A good conservative speech, no matter how stirring, will not solve the problems that grass-roots conservatives have with Sen. John McCain, Richard A. Viguerie, America's leading conservative direct-mail guru, said Thursday.
Viguerie made his comments in response to John McCain’s address Thursday at the Conservative Political Action Conference in Washington, D.C. Prior to McCain’s speech, various news reports suggested that the speech gave the Arizona senator a chance to make amends with conservatives and bring them on board his bandwagon.
“Rhetoric isn’t enough,” Viguerie said. “To get the enthusiastic support of conservatives – support he must have, to win – Senator McCain must make his case with deeds, not just words.”
That’s not just because of McCain’s recent record on important issues, Viguerie said. It’s also because of the record of the Republican Party itself.
“From Eisenhower to Nixon to both Bushes, conservatives have heard conservative rhetoric from Republican presidential candidates. Each time, they were disappointed – even betrayed – by the people and the party they had trusted.
“After the last eight or 10 years, in which Republican leaders were elected with conservative votes, but then betrayed conservative principles, grassroots conservatives are not so willing to take John McCain at his word. He is an honorable man, but, given the record of the Republican Party and given his own record, conservative rhetoric is not enough to convince people.
“Conservatives will not be so trusting this time.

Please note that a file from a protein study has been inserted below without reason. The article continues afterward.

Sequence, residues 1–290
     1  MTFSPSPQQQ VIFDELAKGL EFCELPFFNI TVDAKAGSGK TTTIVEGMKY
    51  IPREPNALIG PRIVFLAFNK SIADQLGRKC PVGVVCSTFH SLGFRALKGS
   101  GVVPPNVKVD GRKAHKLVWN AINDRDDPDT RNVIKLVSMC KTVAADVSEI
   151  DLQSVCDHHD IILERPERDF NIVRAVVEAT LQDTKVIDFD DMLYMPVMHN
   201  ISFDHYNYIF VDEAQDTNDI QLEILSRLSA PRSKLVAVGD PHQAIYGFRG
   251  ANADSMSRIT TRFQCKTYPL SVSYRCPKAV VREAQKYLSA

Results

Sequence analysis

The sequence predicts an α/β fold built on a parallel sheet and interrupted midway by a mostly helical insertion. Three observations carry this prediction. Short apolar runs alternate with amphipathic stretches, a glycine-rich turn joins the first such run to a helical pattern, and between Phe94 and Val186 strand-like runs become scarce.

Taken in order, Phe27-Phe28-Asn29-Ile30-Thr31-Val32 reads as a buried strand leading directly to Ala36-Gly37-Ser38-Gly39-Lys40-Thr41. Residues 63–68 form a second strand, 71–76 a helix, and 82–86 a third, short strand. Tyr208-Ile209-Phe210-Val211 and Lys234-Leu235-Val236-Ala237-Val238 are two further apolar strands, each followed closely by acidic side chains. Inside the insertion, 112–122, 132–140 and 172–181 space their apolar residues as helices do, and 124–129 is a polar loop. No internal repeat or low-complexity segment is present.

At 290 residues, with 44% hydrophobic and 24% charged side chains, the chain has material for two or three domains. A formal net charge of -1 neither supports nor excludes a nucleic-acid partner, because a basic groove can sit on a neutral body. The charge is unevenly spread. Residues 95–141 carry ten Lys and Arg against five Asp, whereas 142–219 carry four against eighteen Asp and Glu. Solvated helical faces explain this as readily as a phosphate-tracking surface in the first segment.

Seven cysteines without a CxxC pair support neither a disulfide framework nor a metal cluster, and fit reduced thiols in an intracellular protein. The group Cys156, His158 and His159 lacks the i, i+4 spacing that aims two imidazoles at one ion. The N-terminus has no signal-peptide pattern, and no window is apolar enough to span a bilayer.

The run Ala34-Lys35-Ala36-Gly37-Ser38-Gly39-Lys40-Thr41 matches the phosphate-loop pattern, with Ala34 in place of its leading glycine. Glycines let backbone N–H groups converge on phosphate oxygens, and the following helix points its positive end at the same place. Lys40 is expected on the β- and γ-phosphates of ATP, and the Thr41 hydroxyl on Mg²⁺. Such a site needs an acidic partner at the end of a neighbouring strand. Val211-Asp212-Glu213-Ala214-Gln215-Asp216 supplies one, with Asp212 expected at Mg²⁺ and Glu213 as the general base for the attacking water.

“Senator McCain must surround himself with conservatives in policy positions, so that conservatives know what sort of people will make key decisions in a McCain Administration. He must have a number of Sister Souljah moments with the Washington establishment liberals who consider him their favorite Republican. He must make conservatives cheer for him every night when they watch the news on TV – not just when they hear him give a good speech.”
Viguerie said that McCain has “only a few weeks” to “bring conservatives up to a comfort level with him. If he is to do it, in the words of Macbeth, ‘’twere well it were done quickly.’
“In 1992, George H.W. Bush waited until the Republican Convention to reach out to conservatives, giving Pat Buchanan a major place on the program and so on. It didn’t work. The media savaged Bush for pandering to conservatives, and conservatives saw it as too little, too late.”
If McCain does not act soon, “conservatives will start writing off the presidential race,” Viguerie said. “Yes, most – not all – will vote for him, if he is the Republican nominee. But they will not make telephone calls, send out e-mails and postcards, go door to door, contribute money, and do all the hard work that makes victory possible in November.”
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